IFAW Africa: Three Elephant Poachers from Tanzania Killed in Tsavo Park

Three elephant poachers were killed late last week (13 March 2010) and one escaped with injuries after an exchange of fire with Tsavo West Park’s anti-poaching unit. The poaching gang from neighbouring Tanzania is suspected to be behind the killing of eight elephants in the Park in the last six months.

This post was filed by Liz Wamba, our Communications Officer in the International Fund for Animal Welfare's East Africa office.

Tsavo West anti-poaching unit with recovered weapons, tusks and poachers' utensils consisting of cups and cooking pots. The anti-poaching unit successfully ambushed and killed three elephant poachers from Tanzania. Photo credit: IFAW/N. Grosse-Woodley Three elephant poachers were killed late last week (13 March 2010) and one escaped with injuries after an exchange of fire with Tsavo West Park’s anti-poaching unit. The poaching gang from neighbouring Tanzania is suspected to be behind the killing of eight elephants in the Park in the last six months.

The anti-poaching unit had laid an ambush after the gang had just killed yet another large bull near the Kenya-Tanzania border. The tusks of the bull were recovered before they could be hacked off by the poachers.

The anti-poaching rangers confiscated two professional hunting rifles mainly used to kill elephants as well as nine bullets, an axe and an elephant tail. The axe is normally used to hack off tusks.

“It is a good moment for both the Park’s staff and the elephants. Luckily, we have suffered no casualties on our side,” said Daniel Woodley, Senior Warden of Tsavo West National Park.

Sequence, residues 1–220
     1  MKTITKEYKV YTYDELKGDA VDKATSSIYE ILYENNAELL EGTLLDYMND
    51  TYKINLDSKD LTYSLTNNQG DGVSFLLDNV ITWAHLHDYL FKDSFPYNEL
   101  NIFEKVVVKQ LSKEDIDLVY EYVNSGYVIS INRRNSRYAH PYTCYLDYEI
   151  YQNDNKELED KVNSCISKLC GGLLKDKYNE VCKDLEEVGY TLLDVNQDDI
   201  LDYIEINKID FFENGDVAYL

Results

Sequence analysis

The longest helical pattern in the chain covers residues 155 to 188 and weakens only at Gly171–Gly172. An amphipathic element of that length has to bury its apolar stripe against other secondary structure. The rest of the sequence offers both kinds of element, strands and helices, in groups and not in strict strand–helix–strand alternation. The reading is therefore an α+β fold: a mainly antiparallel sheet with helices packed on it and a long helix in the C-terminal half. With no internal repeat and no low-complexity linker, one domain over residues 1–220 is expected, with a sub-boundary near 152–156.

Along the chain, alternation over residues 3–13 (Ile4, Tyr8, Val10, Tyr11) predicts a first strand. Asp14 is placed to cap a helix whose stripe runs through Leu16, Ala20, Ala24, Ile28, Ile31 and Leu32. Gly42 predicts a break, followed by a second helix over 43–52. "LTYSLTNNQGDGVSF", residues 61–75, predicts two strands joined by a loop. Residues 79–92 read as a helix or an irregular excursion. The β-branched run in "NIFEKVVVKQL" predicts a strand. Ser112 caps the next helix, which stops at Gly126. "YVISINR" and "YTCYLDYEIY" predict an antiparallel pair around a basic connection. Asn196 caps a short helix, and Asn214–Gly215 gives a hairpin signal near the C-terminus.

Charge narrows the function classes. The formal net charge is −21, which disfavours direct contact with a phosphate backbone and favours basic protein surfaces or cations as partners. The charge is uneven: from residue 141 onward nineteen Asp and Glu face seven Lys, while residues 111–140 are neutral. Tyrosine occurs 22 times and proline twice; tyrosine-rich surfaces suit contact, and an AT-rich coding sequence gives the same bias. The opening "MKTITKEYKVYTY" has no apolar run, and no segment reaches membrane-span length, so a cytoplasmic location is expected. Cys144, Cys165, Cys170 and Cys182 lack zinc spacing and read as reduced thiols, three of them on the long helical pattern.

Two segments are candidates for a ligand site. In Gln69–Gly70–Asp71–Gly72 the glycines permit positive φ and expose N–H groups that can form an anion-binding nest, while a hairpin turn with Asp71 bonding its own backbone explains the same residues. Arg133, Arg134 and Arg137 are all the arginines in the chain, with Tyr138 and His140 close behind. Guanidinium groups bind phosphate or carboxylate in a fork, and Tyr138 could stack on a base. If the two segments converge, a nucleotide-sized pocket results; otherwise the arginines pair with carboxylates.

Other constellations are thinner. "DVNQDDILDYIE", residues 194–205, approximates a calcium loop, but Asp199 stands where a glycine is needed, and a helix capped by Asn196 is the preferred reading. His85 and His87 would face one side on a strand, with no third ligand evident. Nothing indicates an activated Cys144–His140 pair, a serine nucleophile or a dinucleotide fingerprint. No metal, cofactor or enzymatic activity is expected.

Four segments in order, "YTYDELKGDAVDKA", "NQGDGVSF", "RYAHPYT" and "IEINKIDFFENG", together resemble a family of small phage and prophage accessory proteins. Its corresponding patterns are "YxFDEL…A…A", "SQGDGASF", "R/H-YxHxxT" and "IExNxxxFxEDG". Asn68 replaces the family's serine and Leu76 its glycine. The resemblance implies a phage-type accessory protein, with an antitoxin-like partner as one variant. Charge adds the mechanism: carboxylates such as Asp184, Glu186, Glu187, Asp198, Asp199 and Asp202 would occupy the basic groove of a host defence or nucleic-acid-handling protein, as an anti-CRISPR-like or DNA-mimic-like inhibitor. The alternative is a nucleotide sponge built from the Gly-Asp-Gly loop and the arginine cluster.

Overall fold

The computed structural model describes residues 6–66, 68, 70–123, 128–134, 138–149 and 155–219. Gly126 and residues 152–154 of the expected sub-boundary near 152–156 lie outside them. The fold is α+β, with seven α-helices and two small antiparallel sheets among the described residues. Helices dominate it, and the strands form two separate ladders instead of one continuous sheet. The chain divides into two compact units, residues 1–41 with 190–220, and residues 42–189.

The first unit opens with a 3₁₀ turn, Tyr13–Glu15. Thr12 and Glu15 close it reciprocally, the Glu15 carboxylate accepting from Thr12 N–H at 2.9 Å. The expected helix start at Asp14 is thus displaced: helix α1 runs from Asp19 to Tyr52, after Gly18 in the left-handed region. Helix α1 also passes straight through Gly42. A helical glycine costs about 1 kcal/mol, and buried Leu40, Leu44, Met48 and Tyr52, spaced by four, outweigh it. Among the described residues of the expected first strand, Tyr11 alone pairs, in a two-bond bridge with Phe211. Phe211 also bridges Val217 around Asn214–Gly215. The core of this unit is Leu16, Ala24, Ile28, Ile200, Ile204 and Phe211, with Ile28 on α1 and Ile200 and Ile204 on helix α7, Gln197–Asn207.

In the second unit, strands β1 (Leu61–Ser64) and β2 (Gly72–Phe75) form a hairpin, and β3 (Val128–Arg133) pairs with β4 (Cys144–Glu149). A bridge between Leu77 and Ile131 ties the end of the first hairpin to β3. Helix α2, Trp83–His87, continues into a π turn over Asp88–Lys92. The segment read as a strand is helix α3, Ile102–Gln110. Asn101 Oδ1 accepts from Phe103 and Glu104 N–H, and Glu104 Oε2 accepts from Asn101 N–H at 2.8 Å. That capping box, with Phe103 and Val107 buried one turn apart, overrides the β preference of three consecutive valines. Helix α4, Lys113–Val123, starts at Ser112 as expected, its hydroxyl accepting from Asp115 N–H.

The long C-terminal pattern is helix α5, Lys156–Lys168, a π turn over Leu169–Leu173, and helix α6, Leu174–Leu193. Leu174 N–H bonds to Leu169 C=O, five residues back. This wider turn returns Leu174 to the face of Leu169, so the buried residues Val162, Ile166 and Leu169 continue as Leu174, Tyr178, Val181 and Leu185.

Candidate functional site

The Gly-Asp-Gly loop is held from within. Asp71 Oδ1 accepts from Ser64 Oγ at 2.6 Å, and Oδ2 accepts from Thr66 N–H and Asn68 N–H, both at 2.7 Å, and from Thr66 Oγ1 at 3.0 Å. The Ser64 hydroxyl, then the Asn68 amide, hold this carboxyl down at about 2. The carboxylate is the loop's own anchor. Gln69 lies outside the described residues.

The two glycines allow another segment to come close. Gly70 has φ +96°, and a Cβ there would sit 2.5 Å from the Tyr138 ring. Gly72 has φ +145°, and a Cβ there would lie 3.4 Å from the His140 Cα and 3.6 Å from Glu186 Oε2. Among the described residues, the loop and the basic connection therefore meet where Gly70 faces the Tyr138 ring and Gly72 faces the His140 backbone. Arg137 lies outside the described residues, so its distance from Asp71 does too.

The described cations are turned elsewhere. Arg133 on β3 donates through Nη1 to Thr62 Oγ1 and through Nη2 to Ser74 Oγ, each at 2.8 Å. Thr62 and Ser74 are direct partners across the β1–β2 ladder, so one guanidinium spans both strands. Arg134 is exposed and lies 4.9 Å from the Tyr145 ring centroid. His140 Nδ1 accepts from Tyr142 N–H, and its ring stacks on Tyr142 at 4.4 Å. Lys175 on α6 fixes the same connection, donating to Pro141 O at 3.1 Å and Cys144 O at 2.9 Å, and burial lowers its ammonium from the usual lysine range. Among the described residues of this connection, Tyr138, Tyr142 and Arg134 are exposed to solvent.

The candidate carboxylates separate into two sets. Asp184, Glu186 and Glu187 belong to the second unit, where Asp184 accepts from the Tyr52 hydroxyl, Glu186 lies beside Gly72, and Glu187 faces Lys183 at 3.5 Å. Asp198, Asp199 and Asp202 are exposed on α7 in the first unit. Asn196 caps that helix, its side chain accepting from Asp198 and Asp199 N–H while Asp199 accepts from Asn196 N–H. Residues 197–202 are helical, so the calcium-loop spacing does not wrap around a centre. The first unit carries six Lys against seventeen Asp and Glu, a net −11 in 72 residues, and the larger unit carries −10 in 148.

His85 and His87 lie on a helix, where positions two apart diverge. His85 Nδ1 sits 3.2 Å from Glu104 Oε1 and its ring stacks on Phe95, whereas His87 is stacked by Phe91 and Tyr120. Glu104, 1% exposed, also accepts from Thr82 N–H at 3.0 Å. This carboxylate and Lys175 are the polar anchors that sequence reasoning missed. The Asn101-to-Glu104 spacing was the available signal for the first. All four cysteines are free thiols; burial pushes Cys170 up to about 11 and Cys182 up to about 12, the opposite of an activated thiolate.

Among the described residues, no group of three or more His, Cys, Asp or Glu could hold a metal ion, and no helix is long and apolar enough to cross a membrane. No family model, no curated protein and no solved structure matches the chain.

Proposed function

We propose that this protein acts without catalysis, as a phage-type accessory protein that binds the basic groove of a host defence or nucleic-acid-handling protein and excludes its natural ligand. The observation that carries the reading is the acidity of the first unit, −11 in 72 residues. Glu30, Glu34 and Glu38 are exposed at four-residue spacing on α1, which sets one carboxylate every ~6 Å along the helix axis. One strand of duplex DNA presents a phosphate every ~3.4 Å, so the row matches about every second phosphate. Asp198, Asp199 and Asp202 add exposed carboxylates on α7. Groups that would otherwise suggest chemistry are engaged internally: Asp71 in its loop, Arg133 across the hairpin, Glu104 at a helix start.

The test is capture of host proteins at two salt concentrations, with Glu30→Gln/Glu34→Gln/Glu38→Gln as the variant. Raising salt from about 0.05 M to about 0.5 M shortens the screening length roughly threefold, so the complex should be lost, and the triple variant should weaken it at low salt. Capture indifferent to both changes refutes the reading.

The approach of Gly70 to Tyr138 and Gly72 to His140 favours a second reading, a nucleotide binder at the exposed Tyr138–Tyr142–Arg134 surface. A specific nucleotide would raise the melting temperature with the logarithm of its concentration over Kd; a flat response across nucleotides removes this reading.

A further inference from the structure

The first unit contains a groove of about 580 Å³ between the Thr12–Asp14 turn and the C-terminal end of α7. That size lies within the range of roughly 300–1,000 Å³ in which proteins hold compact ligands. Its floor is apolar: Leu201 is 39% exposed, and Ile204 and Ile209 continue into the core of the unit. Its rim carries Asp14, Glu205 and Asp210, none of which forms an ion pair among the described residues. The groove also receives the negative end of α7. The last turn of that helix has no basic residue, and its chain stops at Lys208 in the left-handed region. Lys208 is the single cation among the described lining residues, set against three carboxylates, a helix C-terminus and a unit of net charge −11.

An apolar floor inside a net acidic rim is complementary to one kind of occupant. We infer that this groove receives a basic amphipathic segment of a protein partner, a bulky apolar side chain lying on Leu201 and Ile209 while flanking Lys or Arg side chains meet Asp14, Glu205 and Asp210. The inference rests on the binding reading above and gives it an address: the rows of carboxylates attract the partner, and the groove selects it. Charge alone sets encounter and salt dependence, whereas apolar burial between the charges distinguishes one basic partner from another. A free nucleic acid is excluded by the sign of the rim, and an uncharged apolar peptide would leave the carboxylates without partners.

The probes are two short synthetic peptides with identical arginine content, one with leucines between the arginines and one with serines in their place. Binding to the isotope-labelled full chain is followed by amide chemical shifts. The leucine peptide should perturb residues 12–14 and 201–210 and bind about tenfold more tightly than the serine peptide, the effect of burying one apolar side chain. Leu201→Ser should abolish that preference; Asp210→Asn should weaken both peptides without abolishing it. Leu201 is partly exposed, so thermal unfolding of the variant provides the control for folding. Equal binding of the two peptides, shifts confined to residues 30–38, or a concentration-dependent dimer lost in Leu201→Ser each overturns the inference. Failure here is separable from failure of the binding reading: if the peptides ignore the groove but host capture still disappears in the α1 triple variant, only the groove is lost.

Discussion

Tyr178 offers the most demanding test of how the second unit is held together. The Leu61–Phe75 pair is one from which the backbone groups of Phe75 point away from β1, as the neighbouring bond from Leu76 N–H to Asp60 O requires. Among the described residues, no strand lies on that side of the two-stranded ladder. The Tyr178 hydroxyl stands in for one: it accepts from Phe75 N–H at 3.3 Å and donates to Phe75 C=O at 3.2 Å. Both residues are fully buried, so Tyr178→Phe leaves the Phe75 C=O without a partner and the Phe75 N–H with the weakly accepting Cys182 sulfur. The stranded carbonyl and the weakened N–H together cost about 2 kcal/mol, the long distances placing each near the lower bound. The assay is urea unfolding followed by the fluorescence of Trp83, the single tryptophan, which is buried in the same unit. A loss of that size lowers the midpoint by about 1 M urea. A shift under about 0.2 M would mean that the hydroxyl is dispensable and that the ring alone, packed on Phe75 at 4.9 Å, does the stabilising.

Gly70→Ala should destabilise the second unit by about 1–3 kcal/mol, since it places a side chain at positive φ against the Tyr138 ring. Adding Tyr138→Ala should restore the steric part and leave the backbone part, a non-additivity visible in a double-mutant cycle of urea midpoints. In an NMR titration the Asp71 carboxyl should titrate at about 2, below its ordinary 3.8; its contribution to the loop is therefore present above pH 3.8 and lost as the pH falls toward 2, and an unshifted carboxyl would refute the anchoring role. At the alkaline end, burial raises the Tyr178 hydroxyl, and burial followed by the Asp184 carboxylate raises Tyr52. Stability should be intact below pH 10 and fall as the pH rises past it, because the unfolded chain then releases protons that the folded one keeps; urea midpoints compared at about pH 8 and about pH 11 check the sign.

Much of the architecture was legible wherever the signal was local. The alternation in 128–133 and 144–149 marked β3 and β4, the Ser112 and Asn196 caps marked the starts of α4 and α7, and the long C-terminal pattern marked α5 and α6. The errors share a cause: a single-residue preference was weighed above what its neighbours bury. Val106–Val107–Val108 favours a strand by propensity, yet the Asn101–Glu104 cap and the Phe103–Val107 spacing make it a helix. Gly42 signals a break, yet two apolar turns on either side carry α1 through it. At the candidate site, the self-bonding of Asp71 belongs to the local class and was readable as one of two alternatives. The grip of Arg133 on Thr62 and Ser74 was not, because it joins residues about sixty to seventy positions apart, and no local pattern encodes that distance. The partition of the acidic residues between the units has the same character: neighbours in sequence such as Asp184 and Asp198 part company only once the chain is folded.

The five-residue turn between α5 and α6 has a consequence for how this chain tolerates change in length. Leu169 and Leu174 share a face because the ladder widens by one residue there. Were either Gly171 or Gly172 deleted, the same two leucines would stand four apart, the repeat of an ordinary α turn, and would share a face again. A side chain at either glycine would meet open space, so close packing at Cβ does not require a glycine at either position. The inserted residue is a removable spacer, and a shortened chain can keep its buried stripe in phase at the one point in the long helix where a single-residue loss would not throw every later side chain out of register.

“We were contacted by herdsmen who heard gunshots and suspected that poachers were in the area. Due to the rapid response by our rangers, they got to the area just in the nick of time, before the poachers could kill two remaining bulls.
“Last year, we came across an armed gang in the same area, but they escaped. We recovered two hunting rifles, ammunition and tusks then and we believe that the poachers we just killed are one and the same as that of last year’s as they operated in a similar manner,” said Woodley.

Tsavo is home to the single largest elephant population in Kenya, and its sheer size and proximity to Somalia and Tanzania make the elephants there vulnerable to poaching. For almost five years, IFAW has been supporting Tsavo anti-poaching patrols by providing the vehicles, fuel, tyres and radio equipment they need to protect elephants from armed poachers.

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For more information on IFAW's work in Africa, please visit www.ifaw.org.

Comments: 1

 
Anonymous
4 years ago

I hate to say this, but that's 3 less creeps in the world, so good riddance to them. It's a shame more of them weren't killed and it's also a shame they weren't trampled or gored to death by the elephants.

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